03 Aug 2012
Below is the speech I gave at Pride last month as Grand Marshal. I rarely write my speeches out in full and this was no exception - I generally prefer to speak slightly more loosely from bullet points, knowing where I'm going but with room to manouver! But I was asked after Pride for the text of the speech so I went back and fleshed it out as close as I could remember to how I had delivered it. Though I always think these things read so oddly because of course it was written to be spoken not read, and when reading it I sometimes think it's hard to separate the silly asides from the real meat! The emphasis is somewhat lost.
Oh and apologies to whoever owns this pic that I'm using and not crediting, but I can't remember where I came across it now. I'm a forgetful old bird. It's a cute pic though.
When the Pride committee first called me and asked me
to be Grand Marshall of this year's parade, I first made
sure they had the right number. I am a little posh and at
first I was afraid they might have confused me with David
Norris. But after they assured me there was no mistake, I
was delighted to accept.
I was delighted to accept because it's an honour to get
to lead the parade through the city - especially after
all the previous impressive Grand Marshalls. And in
particular this year as the parade made it's way to what
will hopefully become it's new home here at Merrion
Square. But mostly I was also delighted to accept because
I love Pride.
And that is not always a fashionable opinion. You will
often hear people complaining about Pride. Some people,
even in our community, go so far as to suggest the parade
damages our cause, and wonder do we even still need
And I say "YES!" we still need Pride. For many of us,
especially those of us that live ihere in the city, it can
be very easy to live in a comfortable gay bubble. We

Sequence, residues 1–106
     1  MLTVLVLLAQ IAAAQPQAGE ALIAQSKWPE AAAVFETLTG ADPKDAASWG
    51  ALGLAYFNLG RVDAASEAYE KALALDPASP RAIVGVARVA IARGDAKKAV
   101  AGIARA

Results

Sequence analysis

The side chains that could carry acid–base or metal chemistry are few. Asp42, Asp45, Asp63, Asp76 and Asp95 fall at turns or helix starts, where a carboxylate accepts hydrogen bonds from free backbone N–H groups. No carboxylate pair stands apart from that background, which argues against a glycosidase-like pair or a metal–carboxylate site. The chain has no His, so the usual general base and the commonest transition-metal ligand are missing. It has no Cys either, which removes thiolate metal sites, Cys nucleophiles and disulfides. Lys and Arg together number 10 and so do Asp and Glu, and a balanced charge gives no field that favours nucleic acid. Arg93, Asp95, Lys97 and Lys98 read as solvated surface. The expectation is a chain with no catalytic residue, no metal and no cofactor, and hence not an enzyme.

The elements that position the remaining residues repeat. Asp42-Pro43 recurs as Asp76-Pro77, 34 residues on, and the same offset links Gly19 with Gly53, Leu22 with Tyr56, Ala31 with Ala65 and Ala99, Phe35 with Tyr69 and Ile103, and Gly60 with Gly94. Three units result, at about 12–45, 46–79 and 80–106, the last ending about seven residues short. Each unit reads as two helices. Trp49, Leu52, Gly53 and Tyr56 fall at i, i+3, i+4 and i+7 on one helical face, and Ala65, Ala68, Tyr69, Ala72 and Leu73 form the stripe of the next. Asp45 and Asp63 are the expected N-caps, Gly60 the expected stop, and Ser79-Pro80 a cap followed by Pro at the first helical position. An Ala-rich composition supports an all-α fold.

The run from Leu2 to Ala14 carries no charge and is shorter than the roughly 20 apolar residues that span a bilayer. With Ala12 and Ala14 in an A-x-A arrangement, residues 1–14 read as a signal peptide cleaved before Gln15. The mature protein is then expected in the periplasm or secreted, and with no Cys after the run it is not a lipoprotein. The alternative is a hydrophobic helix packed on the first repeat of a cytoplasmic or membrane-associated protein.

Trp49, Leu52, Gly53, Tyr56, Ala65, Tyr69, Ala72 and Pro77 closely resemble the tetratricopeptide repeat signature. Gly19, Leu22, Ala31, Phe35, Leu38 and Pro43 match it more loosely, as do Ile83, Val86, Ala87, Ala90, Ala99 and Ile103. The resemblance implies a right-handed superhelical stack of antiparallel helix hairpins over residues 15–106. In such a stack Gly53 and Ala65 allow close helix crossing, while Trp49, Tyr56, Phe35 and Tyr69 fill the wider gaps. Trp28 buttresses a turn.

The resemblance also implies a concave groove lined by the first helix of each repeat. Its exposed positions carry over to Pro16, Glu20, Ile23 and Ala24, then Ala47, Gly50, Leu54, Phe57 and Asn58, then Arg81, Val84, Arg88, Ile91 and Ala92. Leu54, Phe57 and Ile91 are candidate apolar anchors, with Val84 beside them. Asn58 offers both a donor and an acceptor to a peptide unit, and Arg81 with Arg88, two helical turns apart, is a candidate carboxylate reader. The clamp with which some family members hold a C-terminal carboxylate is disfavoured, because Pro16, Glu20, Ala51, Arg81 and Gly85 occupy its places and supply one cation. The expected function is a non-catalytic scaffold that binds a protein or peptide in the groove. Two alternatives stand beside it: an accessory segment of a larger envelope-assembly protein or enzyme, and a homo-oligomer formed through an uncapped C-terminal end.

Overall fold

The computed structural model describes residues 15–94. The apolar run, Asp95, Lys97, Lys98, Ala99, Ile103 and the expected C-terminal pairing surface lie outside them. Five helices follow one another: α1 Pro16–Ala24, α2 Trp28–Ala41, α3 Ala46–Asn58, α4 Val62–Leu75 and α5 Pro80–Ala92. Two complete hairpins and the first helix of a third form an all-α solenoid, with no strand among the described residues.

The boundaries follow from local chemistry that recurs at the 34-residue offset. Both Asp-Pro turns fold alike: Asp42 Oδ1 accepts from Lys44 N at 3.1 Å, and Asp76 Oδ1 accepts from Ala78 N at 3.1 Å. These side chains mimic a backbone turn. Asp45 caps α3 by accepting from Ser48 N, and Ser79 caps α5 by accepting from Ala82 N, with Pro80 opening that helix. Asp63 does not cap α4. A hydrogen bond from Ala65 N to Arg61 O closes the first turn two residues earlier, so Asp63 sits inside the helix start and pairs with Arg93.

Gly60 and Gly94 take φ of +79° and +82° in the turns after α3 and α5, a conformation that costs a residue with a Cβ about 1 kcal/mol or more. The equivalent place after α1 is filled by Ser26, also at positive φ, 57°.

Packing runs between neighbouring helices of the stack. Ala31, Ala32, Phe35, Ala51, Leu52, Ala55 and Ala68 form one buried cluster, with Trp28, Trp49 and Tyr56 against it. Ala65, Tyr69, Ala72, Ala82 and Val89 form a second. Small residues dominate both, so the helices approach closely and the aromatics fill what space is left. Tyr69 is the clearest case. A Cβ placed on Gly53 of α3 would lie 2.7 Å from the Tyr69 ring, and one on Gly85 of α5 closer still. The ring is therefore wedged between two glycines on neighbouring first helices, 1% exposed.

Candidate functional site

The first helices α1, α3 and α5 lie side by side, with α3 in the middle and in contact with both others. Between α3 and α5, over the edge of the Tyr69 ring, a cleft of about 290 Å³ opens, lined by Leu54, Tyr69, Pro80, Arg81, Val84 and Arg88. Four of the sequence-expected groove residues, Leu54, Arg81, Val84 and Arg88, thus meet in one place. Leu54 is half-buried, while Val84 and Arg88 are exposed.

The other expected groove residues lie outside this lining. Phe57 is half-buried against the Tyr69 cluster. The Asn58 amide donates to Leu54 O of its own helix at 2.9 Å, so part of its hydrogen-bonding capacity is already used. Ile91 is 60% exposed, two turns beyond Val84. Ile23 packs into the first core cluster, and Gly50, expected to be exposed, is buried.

hang out with our gay friends, and with our "cool" straight
friends, we shop in shops that want our gay euros, and eat
in restaurants that welcome us and our gay euros.
But it doesn't take much to scratch that comfortable gay
bubble: a car window rolled down at 2am on Georges
Street and someone shouts "faggot!". And you don't have
to venture far into the internet to find ignorance and hate
directed at us. Indeed you don't have to go far from this
very spot, just a few yards to the Seanad chamber, to
occasionally hear us described with distain by eminent
Of course, when people say that the parade damages our
cause, or doesn't represent them, what they really mean is
that they don't like the "freaks" on the parade. They don't
like the drag queens and the transgenders or the dykes on
bikes or the boys in speedos.
Well, fine! Have your own parade then and see how much
fun it is! Because I have no interest in being part of a
community that would seek to divide us into acceptable
gays and unacceptable gays. Because there is no such
thing as unacceptable gays - there are only exceptional
They want us to march quietly and politely in suits
asking "please" for equality while not frightening the
horses. And indeed calm, reasoned discussion has it's
place, but sometimes the most persuasive and effective
argument for equality isn't obsequiousness - it's living!
Living an open, joyous and unashamed life.
And nothing is more joyous and unashamed than a Pride
parade. And do not underestimate the power of visibility,
nor dismiss the power of fun.
It's easy to hate an abstract. It's easy to dismiss people
you only hear about on the telly. Easy to discriminate